Over the past few years there have been many allegations that states abuse their police powers to escape their international obligations before foreign investors. In particular, it has been alleged that states initiate criminal proceedings in order to escape payment of compensation for expropriation, hamper arbitral hearings or punish foreign investors. This article attempts to find a solution to the problem of the abuse of police powers. Such a study is important, because the abuse of police powers can damage the whole international framework for protecting foreign investments.
The findings from this article provide evidence that there are many principles of international law that international arbitral tribunals have applied when dealing with criminal proceedings initiated by host states against foreign investors. This article draws a conclusion that the principles of international law can substantially prevent the abuse of police powers by states when dealing with foreign investors.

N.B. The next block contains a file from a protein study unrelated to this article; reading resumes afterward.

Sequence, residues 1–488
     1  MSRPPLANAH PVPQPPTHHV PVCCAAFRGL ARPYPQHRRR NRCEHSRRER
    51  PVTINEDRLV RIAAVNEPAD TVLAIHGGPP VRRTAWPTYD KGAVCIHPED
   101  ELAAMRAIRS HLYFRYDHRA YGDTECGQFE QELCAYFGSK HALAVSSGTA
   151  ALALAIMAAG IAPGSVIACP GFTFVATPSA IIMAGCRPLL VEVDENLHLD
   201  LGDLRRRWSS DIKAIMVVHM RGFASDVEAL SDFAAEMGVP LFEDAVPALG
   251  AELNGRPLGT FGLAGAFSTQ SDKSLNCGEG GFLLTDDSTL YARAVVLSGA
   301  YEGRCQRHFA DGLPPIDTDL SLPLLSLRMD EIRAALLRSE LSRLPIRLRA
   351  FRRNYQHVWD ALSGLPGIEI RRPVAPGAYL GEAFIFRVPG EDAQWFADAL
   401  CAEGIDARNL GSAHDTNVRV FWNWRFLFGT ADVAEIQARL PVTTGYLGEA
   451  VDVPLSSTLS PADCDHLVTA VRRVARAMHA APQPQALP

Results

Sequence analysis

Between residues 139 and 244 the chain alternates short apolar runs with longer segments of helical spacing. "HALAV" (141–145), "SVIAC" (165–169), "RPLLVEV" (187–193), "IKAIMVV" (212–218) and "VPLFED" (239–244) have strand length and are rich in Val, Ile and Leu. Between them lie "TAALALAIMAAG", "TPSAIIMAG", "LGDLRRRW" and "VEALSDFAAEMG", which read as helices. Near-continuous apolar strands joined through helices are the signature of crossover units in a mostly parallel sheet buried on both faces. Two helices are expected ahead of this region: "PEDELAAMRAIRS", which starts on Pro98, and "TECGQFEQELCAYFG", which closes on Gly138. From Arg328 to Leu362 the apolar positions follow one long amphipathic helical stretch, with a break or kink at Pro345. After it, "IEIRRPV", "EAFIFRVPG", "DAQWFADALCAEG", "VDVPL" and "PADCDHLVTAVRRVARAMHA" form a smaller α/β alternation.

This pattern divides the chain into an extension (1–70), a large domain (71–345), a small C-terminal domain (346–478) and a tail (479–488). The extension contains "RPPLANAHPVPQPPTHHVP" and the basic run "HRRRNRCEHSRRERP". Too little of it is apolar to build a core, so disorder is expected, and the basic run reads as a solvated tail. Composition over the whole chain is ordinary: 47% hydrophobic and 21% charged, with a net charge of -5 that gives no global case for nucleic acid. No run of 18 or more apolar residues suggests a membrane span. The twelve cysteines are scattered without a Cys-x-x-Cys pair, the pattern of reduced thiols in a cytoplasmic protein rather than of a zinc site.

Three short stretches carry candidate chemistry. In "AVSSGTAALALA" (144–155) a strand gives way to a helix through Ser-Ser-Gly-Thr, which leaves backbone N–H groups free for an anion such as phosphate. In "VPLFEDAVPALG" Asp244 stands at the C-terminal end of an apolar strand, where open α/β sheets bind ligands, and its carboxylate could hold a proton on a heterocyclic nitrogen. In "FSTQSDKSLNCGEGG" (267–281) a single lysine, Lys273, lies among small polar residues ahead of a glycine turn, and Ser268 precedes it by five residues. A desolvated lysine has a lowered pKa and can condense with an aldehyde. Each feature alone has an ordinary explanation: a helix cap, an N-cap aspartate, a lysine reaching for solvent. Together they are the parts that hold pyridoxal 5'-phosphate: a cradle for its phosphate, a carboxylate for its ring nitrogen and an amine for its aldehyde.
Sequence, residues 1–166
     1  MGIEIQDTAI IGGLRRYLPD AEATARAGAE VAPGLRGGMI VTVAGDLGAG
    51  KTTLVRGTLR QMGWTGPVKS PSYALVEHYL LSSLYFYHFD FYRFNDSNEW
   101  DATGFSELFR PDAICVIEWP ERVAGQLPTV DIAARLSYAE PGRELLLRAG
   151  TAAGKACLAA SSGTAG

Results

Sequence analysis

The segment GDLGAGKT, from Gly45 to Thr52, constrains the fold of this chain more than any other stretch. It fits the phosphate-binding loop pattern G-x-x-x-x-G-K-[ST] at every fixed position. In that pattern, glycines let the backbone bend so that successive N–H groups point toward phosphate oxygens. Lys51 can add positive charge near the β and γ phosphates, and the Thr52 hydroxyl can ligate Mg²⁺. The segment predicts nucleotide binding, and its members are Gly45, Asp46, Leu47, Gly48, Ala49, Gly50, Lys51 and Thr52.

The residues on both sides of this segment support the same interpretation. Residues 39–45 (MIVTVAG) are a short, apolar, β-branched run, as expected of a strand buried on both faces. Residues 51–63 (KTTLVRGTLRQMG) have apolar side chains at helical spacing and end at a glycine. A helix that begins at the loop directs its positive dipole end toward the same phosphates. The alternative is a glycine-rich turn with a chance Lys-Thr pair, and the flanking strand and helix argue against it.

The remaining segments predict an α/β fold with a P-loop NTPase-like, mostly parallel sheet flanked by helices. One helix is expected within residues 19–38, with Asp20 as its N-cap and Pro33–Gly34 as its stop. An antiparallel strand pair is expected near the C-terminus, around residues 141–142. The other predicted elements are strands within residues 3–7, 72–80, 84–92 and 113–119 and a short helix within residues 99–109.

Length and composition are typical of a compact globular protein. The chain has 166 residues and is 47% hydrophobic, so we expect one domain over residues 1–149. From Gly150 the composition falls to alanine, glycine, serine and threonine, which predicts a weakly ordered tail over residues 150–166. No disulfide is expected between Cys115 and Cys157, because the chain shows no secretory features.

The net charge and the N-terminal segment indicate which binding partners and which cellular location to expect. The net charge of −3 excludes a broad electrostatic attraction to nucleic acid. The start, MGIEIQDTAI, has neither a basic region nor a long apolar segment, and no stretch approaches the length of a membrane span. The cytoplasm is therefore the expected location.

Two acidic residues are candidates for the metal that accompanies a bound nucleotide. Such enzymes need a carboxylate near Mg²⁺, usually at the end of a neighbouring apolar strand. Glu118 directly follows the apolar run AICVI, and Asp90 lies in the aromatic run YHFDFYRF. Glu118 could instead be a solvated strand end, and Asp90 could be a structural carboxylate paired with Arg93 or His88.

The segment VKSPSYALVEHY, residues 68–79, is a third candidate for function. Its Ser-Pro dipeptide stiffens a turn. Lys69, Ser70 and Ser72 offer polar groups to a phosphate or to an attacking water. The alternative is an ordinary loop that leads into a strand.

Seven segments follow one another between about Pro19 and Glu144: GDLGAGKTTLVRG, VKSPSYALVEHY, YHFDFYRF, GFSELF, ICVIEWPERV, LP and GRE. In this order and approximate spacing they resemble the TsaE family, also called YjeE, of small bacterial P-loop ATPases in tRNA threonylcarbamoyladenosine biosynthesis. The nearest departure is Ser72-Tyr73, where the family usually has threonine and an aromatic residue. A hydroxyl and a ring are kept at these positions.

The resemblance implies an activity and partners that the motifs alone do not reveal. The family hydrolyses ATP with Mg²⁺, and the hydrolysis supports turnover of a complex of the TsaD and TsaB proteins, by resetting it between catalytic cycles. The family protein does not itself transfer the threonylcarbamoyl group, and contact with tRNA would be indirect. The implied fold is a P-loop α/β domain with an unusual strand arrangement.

This article recommends that arbitral tribunals need to determine the intent of states initiating criminal proceedings against foreign investors. After arbitral tribunals determine that the states initiated criminal proceedings in good faith, they should balance the legitimate interests of the international investment protection regime and the arbitral proceedings against the rights of the host states to investigate crimes within their territories.Journal of International Arbitration